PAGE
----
19-25 April 2013 #652

Seeds of revolution

Nepal’s farmers have nurtured a rich seed biodiversity that is now threatened by industrial agriculture
Ben Ayers
HARI DEVI ROKAYA
Bhutan recently declared that it would convert entirely to organic agriculture, Nepal should do the same to preserve its organic heritage. Current efforts to increase crop production and income for Nepali farmers have been driven entirely by external forces and funded by the development industry. This has the potential to threaten Nepal’s sovereignty and agro-biodiversity, discourage innovation, and to place the soils and rivers at risk.

In ‘modern’ agriculture, profits are concentrated in the hands of multinational corporations, finance institutions, and equipment manufacturers. This has had fatal consequences for farmers. An estimated 250,000 farmers in India have committed suicide in the past 16 years: the largest recorded wave of suicides in human history caused by farmers being trapped in a debt cycle because of industrialised agriculture.

Millions of terraces in Nepal that are planted with local varieties are themselves a living seed bank. This is a crucial component of global food security that has taken farmers centuries of close attention to cultivate. Should the current prohibition on the use of GM crops fall, natural cross-pollination has the potential to contaminate and effectively eradicate Nepal’s biodiversity in only a matter of seasons.

Walk a few hours from the nearest road and you see farmers practicing inter-cropping, crop rotation, and planting dozens of different local varieties of rice and millet. There is a deep wisdom here and a base of refined local knowledge that has allowed villagers in Nepal’s rugged mountains to sustain themselves.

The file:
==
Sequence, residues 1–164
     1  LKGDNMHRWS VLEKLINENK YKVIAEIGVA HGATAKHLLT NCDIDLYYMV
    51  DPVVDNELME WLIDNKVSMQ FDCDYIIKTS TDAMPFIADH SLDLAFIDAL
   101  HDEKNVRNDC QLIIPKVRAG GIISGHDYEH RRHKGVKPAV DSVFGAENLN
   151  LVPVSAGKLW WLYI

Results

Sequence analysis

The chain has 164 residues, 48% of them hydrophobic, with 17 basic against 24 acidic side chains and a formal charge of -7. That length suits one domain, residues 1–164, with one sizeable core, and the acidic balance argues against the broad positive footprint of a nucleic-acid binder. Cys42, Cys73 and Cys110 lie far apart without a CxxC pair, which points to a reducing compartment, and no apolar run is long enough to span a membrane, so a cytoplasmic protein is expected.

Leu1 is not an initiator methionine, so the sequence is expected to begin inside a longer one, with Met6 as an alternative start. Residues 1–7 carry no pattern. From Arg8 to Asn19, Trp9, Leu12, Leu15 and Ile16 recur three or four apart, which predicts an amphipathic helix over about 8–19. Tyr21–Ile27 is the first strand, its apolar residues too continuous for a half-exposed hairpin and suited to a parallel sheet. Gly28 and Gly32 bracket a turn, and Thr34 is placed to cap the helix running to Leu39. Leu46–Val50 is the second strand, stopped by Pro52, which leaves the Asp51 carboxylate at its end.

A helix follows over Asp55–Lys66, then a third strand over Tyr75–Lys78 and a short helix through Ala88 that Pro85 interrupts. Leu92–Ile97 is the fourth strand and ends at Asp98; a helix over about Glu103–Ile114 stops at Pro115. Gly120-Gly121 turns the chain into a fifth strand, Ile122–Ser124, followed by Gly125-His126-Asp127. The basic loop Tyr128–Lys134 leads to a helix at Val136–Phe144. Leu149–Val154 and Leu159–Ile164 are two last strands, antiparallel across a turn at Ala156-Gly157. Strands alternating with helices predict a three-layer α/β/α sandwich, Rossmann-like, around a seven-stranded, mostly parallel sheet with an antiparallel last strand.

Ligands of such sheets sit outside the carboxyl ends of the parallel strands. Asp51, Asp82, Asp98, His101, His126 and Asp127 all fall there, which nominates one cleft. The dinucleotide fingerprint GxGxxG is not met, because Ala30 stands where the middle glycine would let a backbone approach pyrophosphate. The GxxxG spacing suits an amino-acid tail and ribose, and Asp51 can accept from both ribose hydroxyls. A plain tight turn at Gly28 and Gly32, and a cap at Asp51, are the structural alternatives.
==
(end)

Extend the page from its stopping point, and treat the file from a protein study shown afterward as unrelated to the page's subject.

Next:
Across the ‘developed’ world, organic food is largely consumed by the wealthy. In Nepal the poorest citizens in remote communities consume organic food exclusively. The massive cost of transporting fertiliser and chemicals has the side benefit that the poor in Nepal are already feeding themselves healthy food. While the government and donors must make strides to help the poor grow more food more efficiently, this should not be done at the expense of health.

Reliance on imported fertilisers and chemicals erodes Nepal’s sovereignty and removes another critical link in the food system from the hands of farmers and citizens. Fertiliser shortages last year led to widespread protests and this trend will continue as political instability further disrupts the supply chain.

Organic farming can feed everyone in Nepal. It is in fact the only way the world has been fed until now. The world records for rice and potato production per hectare were broken last year by farmers in Bihar, India – utilising only new System for Rice Intensification (SRI) techniques and farmyard manure. Methods like these have proven that low crop yields are not due to a lack of chemicals, but rather to a lack of resourcefulness and creativity.

Farmers at Everything Organic Nursery in Kavre have developed a new organic method for bed preparation vegetable that has shown potential to produce yields nearly six times that of traditional methods. Researchers at Nepal’s Institute of Agriculture and Animal Science have also recently proven that utilising mixtures of human urine and compost on vegetable crops can significantly outperform chemical fertilisers.

On a recent trip to Khotang, I met farmers who had just banned the use of all chemical fertilisers and pesticides. Neighbouring villages had seen falling crop yields in recent years, despite the increased use of fertilisers, and also said that organic food simply tasted better.

The government can start by rewarding local efforts such as these, providing support to the most remote communities, and then building outward until entire districts and regions become fully organic. This will ease the process of certification for farmers and open doors for lucrative markets for organic goods.

An organic Nepal will be healthier, less dependent on imports from other countries, and more prosperous. The country’s subsistence farmers are some of the best agriculturalists on earth and they are perfectly positioned to use their expertise and ingenuity to lead a new green revolution.

Ben Ayers is Nepal Country Director for the dZi Foundation.

Read also:

Seeing green

See also:

Sharing what she knows

Nepal's hunger solution

Growing much more rice

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